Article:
Yet I now see that an element is missing from my understanding. We must not only carry on the good of those who are no longer among the living-we must learn from that which they did which wasn't as good, or was driven by wrong thinking, or following misguided leaders, which may have been particularly affected by the realities of their times, or a lack of knowledge we now have  or, put simply, that which they did which was wrong, bad, or evil. People do such things, and we ignore this reality at our own peril. We must learn, too, from those things that may have contributed to someone's death - greed, avarice, overwork.

In bringing our shattered economy back to life, we must learn from the mistakes. If we are to bring the Jewish people, who some would say are in great peril of dying out, back to life again, we, too, must learn from the mistakes as well as the good. Ideas and institutions which may have served us for centuries may well have served their time and need not be part of a renewed Jewish people. Other ideas that may have been lost or trampled over may be needed as part of a restored Jewish people. We won't know until we take a good, long, hard look. This is true for our economy, and true for the continuity of the Jewish people.

This period of the Counting of the Omer may just be the perfect time for such reflections. Before we are ready again for mattan Torah on Shavuot, we've some soul searching to do. Before we are ready for a revived economy, we've more of the same to do.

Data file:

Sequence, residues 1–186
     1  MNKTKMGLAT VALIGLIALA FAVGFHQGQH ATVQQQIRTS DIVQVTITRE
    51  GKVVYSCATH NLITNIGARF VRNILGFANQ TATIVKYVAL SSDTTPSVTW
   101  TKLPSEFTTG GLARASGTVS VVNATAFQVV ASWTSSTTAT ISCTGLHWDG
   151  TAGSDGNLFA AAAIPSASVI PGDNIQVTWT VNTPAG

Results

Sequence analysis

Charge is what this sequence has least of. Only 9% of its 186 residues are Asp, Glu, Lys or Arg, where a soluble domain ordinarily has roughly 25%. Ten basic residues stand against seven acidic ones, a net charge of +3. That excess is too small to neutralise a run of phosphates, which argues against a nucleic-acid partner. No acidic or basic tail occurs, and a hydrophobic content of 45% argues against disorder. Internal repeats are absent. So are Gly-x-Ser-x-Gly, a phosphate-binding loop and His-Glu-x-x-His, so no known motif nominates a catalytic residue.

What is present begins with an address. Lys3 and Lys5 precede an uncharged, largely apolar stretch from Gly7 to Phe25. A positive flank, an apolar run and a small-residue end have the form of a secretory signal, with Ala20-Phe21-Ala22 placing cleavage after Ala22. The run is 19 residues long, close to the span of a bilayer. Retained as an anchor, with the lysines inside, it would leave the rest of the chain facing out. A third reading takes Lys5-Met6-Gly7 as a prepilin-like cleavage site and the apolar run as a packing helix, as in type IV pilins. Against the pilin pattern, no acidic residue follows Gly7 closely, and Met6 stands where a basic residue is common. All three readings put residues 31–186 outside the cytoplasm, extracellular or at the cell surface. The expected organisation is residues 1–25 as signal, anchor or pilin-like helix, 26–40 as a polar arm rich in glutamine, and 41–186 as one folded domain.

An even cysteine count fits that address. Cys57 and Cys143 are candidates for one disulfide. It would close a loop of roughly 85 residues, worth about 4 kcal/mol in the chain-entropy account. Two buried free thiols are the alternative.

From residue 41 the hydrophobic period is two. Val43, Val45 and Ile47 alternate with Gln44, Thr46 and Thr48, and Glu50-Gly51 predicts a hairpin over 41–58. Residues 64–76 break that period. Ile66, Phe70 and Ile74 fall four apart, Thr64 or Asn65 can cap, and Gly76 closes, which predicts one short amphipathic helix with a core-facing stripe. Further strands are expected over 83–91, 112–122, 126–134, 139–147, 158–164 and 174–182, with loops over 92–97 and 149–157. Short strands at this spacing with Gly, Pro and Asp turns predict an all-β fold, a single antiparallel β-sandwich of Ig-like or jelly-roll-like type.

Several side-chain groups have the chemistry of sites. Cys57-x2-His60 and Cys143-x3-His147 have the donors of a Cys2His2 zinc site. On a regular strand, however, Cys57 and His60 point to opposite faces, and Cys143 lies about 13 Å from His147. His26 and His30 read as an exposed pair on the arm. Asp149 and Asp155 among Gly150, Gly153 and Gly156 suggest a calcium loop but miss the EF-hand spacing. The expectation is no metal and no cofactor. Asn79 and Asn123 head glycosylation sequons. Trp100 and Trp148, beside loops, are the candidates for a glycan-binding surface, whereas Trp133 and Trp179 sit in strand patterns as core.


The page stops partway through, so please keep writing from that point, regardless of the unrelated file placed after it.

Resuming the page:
Shabbat Shalom,


©2009 by Adrian A. Durlester

Friday, April 3, 2009

Random Musing Before Shabbat-Tzav/Shabbat HaGadol 5769-Payback: An Excerpt from the Diary of Moses

Dear Diary:

Oy, what I day I had today. It's not like I didn't have a million other things to do and take care of. You-know-who eats up hours of my day with more instructions for the rituals of sacrifice. I couldn't pick a deity with a simpler system?

I'm usually willing to accept the burdens of my role as leader and communicator for this rabble, and I don't mind so much when You-know-who is giving me instructions to pass on to the whole group. That, I can handle. But today, You-know-who goes on and on with even more instructions than what I've already gotten for my dear older brothers and his kids.  Priests, You-know-who had to make them. Yeah, he was helpful as my spokesperson when I was negotiating with Pharaoh, but was that enough to earn him this bonus? And I'm not forgetting, though I am surprised You-know-who seems to be forgetting) what my schmendrick of a brother did while I was up on the mountain the first time. Avodah zara is bad enough, but avodah para? Sheesh! A freakin' calf of gold he makes for them.

And those lame excuses he gave me afterwards. "I was just trying to buy time and keep the rabble happy." Yeah, right.  Today, at least, I got a little payback. More about that in a minute.

So after chewing my ear off for hours-finally getting to some rules for the whole community and not just my wacky brother and his peanut gallery, You-know-who says it's time to do the initiation rites for the priests. Hoo-boy, I though, this is not gonna be fun.

To begin with, I gave Aaron a bath. Then like those little dolls I used to play with, I dressed him up in his official wardrobe. It was kind of fun, adding layer after layer of stuff. At times, I thought he was gonna collapse under the weight of it all. When I stuck the Urim and Thummim in the breastplate (you know, those two auguring stones) I made sure to slam the cover closed over them nice and hard. You shoulda seen the look Aaron gave me.